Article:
If you listen to what Peter Greenaway has to tell about his film (and he speaks a lot as he promotes the film in the international festival tour) Eisentein in Guanajuato is before all a homage to one of the greatest directors in the history of cinema who was Sergei Eisenstein. It also is a social and political commentary, as it deals with what was probably the most exuberant, liberal and care-free period in the life of the screen director of the Soviet Revolution, and also with the sexual orientation of Eisenstein which was kind of a well known secret in his biography, tolerated by the Soviet authorities but maybe also a tool of blackmail by the KGB. The period spent by Eisenstein in Mexico while shooting material never gathered and edited for a film about the country and its revolutions may have been the happiest time in the life of the director already famous for Potemkin and October. It allowed him not only a unique encounter with a culture that was so different from some aspects yet so close from other compared with the Russian culture he knew from home, but also an encounter with himself, with his own demons, his self-denied homosexuality, his tendency to the luxury and the decadence of the bourgeois life, so different from the austerity he left in the Soviet Russia and to which he was condemned to return.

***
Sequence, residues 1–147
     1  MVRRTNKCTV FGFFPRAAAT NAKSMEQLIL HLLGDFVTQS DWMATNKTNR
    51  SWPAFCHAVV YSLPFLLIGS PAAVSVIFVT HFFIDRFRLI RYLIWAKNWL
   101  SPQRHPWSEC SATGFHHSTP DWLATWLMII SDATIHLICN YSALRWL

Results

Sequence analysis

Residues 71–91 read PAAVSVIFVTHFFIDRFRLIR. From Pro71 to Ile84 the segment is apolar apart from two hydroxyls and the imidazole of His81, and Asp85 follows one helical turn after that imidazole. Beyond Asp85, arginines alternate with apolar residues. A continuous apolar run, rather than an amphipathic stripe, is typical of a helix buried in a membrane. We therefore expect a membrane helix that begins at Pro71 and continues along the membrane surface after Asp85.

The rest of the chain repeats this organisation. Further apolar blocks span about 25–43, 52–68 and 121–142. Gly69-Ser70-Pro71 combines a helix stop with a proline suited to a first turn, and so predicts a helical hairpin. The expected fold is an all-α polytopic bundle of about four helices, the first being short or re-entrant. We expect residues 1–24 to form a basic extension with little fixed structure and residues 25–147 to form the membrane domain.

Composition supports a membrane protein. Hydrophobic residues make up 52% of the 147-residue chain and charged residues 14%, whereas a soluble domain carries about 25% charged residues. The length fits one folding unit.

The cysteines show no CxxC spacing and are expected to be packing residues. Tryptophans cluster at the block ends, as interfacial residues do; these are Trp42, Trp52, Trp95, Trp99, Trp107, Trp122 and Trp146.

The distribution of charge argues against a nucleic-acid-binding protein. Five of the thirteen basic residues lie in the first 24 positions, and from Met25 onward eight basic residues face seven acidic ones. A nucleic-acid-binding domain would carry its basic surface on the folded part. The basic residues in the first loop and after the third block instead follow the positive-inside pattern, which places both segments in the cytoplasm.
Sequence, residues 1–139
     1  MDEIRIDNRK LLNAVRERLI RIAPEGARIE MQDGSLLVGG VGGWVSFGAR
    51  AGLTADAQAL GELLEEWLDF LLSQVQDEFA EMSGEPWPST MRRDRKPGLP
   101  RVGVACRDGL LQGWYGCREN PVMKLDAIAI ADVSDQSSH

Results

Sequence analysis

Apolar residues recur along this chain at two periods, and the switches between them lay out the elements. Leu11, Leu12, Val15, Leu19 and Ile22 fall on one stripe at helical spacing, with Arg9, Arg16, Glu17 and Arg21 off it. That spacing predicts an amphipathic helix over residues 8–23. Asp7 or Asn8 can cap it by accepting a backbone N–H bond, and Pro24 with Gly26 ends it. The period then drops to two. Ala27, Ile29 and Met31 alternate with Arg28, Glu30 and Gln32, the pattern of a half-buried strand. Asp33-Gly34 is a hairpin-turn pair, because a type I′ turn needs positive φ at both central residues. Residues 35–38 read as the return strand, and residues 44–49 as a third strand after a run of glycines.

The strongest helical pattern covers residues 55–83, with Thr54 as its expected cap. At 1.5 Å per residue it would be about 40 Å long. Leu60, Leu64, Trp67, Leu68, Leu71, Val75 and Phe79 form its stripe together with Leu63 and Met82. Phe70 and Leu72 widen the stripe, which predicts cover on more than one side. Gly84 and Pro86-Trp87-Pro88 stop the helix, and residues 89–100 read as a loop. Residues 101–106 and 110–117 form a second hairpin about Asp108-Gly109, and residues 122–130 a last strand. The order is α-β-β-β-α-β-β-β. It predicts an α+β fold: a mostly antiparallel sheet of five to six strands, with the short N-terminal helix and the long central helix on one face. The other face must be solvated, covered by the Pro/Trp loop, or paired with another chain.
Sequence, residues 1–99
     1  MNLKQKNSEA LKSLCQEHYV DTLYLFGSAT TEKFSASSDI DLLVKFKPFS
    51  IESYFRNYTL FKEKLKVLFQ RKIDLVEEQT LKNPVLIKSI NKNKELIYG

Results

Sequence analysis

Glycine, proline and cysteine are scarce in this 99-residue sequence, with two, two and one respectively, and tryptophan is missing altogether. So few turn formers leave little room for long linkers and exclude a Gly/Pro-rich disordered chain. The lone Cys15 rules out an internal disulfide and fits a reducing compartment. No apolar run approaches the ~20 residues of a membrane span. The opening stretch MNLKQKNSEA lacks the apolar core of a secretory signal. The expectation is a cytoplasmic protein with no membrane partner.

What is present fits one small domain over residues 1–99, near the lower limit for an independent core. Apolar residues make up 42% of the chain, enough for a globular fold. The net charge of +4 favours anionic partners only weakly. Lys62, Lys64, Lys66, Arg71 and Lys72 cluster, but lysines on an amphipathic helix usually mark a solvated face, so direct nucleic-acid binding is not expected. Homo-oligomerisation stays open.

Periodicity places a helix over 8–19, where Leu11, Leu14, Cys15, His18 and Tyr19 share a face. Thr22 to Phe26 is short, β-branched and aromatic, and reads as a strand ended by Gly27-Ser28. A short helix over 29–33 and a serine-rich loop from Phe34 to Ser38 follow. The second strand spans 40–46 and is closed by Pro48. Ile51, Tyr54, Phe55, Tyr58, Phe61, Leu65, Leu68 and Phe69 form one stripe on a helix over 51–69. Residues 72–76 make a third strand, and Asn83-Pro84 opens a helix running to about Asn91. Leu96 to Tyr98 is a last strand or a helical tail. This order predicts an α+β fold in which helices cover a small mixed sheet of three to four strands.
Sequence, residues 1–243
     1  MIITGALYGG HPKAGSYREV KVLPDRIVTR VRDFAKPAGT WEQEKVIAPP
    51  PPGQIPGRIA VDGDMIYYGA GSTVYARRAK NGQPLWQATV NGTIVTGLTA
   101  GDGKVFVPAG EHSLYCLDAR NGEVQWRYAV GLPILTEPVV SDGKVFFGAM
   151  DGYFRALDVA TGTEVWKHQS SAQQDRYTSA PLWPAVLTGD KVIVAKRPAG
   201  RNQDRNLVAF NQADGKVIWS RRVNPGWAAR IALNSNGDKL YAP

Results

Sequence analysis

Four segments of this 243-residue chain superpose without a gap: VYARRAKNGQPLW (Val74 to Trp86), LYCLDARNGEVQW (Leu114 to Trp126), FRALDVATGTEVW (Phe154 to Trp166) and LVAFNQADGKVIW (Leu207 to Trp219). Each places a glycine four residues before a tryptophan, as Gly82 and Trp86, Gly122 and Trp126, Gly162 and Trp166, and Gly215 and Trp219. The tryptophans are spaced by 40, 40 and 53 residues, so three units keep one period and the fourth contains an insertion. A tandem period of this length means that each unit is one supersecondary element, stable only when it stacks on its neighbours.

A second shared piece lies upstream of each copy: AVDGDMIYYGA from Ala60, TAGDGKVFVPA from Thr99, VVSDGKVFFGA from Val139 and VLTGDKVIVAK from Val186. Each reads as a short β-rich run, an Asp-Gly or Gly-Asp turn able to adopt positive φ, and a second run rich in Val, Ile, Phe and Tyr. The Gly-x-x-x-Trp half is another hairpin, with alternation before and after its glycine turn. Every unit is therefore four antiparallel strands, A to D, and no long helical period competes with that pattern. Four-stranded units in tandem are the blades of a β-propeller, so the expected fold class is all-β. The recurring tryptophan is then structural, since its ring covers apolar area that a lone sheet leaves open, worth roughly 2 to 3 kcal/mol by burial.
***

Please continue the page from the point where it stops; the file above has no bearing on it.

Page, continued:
There is almost nothing in this film about Eisenstein's film making. At no point does he shout 'Camera!' or 'Action!' - at some moment he even refuses to do so. Peter Greenaway does not try to expose any secrets of the film making art of Eisenstein, but rather deals with the surrounding context that made his films possible. Finnish actor Elmer Bäck brings on screen an Eisenstein who hides his doubts behind exuberance, and his fears behinds carelessness, who is sure of his artistic genius but unaware about his personal charisma. Mexican actor Luis Alberti builds a fine counterpoint to Eisenstein's character and a credible gay love interest. The camera work does not try to replicate anything that Eisenstein has done on screen, but rather quotes and incorporates fragments of Eisentein's movies with the visual commentaries of Greenaway. I read some critical opinions about viewers 'getting tired' by the too intense camera work - I do not agree with them. When what you see on screen is expressive and interesting you cannot get tired, as one does not get tired of seeing more masterpieces in an art museum, or of listening to fine opera or classical music. Sets are as exuberant and as complex as an architect mind like Greenaway's can conceive. Overall Eisenstein in Guanajuato was for me a very satisfying and surprisingly entertaining experience.